News

Physician and Staff attend American Academy of Ophthalmology Joint Meetings

Each fall, ophthalmologists from around the world together with staff members congregate to enhance their knowledge and share experiences at meetings held by the American Academy of Ophthalmology (AAO), its Executive Branch (AAOE) and the Joint Commission on Allied Health (JCAHPO). This year’s meetings were held in New Orleans. Continuing our tradition of enhancing our staff knowledge through continuing education, Dr. Erik van Rens, our Financial Manager, and three of our experienced certified ophthalmic assistants made the trip to take part in this opportunity. We were able to experience a little of the Big Easy outside of class time while interacting with other retina and teaching staff to continue our goal of providing the best in retina care to our patients.


Life Boomers and Seniors Expo 2017

Retina of Coastal Carolina took part in the October 2017 Life Boomers and Seniors Expo held at the Wilmington Convention Center. Our staff greeted attendees, offering free Optical Coherence Tomography screening which was interpreted by one of our retinal physicians. Optical Coherence Tomography (OCT) testing is non-invasive and uses light waves to map and measure layers of the retina. It can provide information to diagnose various diseases of the macula, optic nerve and/or retina.


Employee of the Quarter

Our most recent employee of the quarter is Noelle, our Executive Assistant. Noelle joined our practice 18 months ago.  She is a jack (or jill) of many trades.  Noelle has become that smiling face to go to for other staff from arranging meetings with other practices to helping address project needs in the office.  That might be purging charts, moving boxes of files, unclogging toilets, repairing crates used to transport items between locations or running errands.   That is in addition to her more routine report preparation and data entry duties.  Thank you Noelle for what you do and for your positive demeanor and contribution to the ROCC team!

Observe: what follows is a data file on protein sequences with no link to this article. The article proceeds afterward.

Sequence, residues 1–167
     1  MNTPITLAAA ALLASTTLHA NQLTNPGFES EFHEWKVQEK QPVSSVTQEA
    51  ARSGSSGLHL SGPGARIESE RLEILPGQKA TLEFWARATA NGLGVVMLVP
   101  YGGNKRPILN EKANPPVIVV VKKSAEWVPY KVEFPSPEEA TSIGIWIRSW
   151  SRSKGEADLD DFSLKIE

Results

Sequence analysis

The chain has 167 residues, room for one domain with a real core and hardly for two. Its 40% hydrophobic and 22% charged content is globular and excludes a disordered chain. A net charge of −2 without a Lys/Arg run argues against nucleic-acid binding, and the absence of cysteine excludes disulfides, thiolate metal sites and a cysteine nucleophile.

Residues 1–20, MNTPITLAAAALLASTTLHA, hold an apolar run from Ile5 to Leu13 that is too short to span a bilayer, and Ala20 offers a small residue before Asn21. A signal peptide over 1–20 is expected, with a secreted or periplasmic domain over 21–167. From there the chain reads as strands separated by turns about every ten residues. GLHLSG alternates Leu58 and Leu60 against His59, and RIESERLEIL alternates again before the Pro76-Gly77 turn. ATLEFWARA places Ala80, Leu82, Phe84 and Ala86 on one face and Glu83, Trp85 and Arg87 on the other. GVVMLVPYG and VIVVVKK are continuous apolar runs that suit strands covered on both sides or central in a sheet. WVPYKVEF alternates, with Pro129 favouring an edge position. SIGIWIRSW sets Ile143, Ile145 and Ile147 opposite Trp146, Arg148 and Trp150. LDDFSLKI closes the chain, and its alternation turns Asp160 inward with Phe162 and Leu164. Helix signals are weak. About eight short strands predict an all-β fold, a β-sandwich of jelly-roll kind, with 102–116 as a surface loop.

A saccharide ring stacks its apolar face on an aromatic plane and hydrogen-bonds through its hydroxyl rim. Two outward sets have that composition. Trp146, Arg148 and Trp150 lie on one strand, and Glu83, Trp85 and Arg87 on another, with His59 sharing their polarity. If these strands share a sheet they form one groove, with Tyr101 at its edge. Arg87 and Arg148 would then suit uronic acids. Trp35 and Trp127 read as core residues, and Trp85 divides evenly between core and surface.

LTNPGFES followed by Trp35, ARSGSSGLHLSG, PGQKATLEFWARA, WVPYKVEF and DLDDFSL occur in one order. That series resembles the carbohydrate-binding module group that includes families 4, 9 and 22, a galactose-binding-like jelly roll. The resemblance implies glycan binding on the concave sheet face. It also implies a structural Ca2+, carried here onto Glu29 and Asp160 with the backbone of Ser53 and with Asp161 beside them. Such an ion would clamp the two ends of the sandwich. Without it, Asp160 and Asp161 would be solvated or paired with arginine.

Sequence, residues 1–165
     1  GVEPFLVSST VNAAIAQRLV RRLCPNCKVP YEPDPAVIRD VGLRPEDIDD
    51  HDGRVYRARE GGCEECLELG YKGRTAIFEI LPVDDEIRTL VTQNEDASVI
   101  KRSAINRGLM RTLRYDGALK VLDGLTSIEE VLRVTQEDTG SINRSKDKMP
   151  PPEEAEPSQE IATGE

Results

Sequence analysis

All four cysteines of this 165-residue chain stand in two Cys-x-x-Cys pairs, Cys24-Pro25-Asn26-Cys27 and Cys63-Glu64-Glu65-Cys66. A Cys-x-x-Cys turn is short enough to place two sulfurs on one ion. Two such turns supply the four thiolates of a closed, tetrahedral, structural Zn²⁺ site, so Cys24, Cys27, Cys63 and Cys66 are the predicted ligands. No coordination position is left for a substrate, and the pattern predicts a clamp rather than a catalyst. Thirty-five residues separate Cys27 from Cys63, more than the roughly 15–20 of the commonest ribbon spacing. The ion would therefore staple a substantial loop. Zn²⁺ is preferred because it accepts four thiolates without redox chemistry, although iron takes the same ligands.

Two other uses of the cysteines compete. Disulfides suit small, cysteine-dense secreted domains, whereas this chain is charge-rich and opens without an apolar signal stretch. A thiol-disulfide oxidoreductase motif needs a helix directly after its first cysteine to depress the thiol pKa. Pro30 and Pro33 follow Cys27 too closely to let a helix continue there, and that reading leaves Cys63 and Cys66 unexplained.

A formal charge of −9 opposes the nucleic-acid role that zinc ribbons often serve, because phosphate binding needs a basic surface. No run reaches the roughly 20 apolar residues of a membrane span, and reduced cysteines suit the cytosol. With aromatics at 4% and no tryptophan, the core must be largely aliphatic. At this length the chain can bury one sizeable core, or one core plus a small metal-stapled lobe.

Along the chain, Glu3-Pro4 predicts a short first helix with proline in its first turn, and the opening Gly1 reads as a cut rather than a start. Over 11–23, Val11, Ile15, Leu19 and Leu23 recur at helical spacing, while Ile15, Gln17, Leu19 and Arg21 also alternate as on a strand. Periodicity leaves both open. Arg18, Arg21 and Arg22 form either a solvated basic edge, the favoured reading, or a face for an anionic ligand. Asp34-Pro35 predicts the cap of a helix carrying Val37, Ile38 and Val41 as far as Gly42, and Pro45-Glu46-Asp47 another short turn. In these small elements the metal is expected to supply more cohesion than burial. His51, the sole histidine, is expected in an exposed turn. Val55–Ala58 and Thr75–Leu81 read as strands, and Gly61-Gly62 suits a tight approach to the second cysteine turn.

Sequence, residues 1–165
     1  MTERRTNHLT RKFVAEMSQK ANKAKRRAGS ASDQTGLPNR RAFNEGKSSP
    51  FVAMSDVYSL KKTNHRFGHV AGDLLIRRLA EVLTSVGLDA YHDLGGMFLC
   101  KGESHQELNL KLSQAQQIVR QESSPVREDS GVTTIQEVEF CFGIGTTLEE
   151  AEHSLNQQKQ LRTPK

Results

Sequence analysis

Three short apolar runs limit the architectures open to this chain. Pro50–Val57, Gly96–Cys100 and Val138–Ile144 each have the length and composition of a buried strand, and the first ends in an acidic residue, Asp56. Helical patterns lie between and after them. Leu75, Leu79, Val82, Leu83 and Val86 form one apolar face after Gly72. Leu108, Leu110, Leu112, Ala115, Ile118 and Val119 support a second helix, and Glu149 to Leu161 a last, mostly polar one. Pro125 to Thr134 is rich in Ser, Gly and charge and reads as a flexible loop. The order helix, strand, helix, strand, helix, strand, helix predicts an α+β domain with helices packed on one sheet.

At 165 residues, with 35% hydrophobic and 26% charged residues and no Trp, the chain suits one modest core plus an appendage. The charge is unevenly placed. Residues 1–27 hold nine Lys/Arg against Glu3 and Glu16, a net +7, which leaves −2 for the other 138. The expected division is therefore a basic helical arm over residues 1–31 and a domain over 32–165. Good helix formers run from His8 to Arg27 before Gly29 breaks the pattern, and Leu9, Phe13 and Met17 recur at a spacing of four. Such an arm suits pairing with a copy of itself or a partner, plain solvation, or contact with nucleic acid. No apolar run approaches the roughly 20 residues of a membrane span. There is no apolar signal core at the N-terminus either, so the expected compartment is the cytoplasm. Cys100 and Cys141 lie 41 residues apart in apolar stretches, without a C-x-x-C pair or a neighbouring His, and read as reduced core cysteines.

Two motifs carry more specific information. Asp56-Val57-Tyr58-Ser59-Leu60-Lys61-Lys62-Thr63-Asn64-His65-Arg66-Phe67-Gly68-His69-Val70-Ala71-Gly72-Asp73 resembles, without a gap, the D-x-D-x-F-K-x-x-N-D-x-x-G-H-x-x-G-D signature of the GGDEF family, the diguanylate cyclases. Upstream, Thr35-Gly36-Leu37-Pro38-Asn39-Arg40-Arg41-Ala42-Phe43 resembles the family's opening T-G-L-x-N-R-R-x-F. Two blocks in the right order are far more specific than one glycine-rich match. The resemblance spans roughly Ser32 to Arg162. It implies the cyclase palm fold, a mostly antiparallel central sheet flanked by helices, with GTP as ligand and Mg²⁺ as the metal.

ROCC Staff obtain OCS designation

The Ophthalmic Coding Specialist exam was created by the American Academy of Ophthalmology and tests coding skills in all areas of ophthalmology. We are proud to have two of our staff members, Martha, our Billing Manager, and Heather, COA and surgery scheduler, pass the exam again to retain their OCS designation. The exam is required every three (3) years to assure staff remain up to date on coding changes.
ROCC is also proud that we had three other staff members successfully pass the exam: Janie, our Clinical Manager, as well as April and Kelsey, both COAs who assist with chart documentation for the physicians.
Congratulations to each!


Solar Eclipse Eye Safety

 

 

Solar Eclipse Eye Safety
Written by: Kierstan Boyd
Information provided by American Astronomical Society
Reviewed by: Russell N Van Gelder MD PhD

Mar. 06, 2017

A truly awe-inspiring event, a solar eclipse is when the moon blocks any part of the sun from our view. The bright face of the sun is covered gradually by the moon during a partial eclipse, lasting a few hours. During the brief period of a total eclipse when the moon fully covers the sun (only a couple of minutes), the light of day gives way to a deep twilight sky. The sun’s outer atmosphere (called the solar corona) gradually appears, glowing like a halo around the moon in front of it. Bright stars and planets become more visible in the sky.
Watching a solar eclipse is a memorable experience, but looking directly at the sun can seriously damage your eyes. Staring at the sun for even a short time without wearing the right eye protection can damage your retina permanently. It can even cause blindness, called solar retinopathy.
There is only one safe way to look directly at the sun, whether during an eclipse or not: through special-purpose solar filters. These solar filters are used in “eclipse glasses” or in hand-held solar viewers. They must meet a very specific worldwide standard known as ISO 12312-2.
Keep in mind that ordinary sunglasses, even very dark ones, or homemade filters are not safe for looking at the sun.
Steps to follow for safely watching a solar eclipse:
Carefully look at your solar filter or eclipse glasses before using them. If you see any scratches or damage, do not use them.
Always read and follow all directions that come with the solar filter or eclipse glasses. Help children to be sure they use handheld solar viewers and eclipse glasses correctly.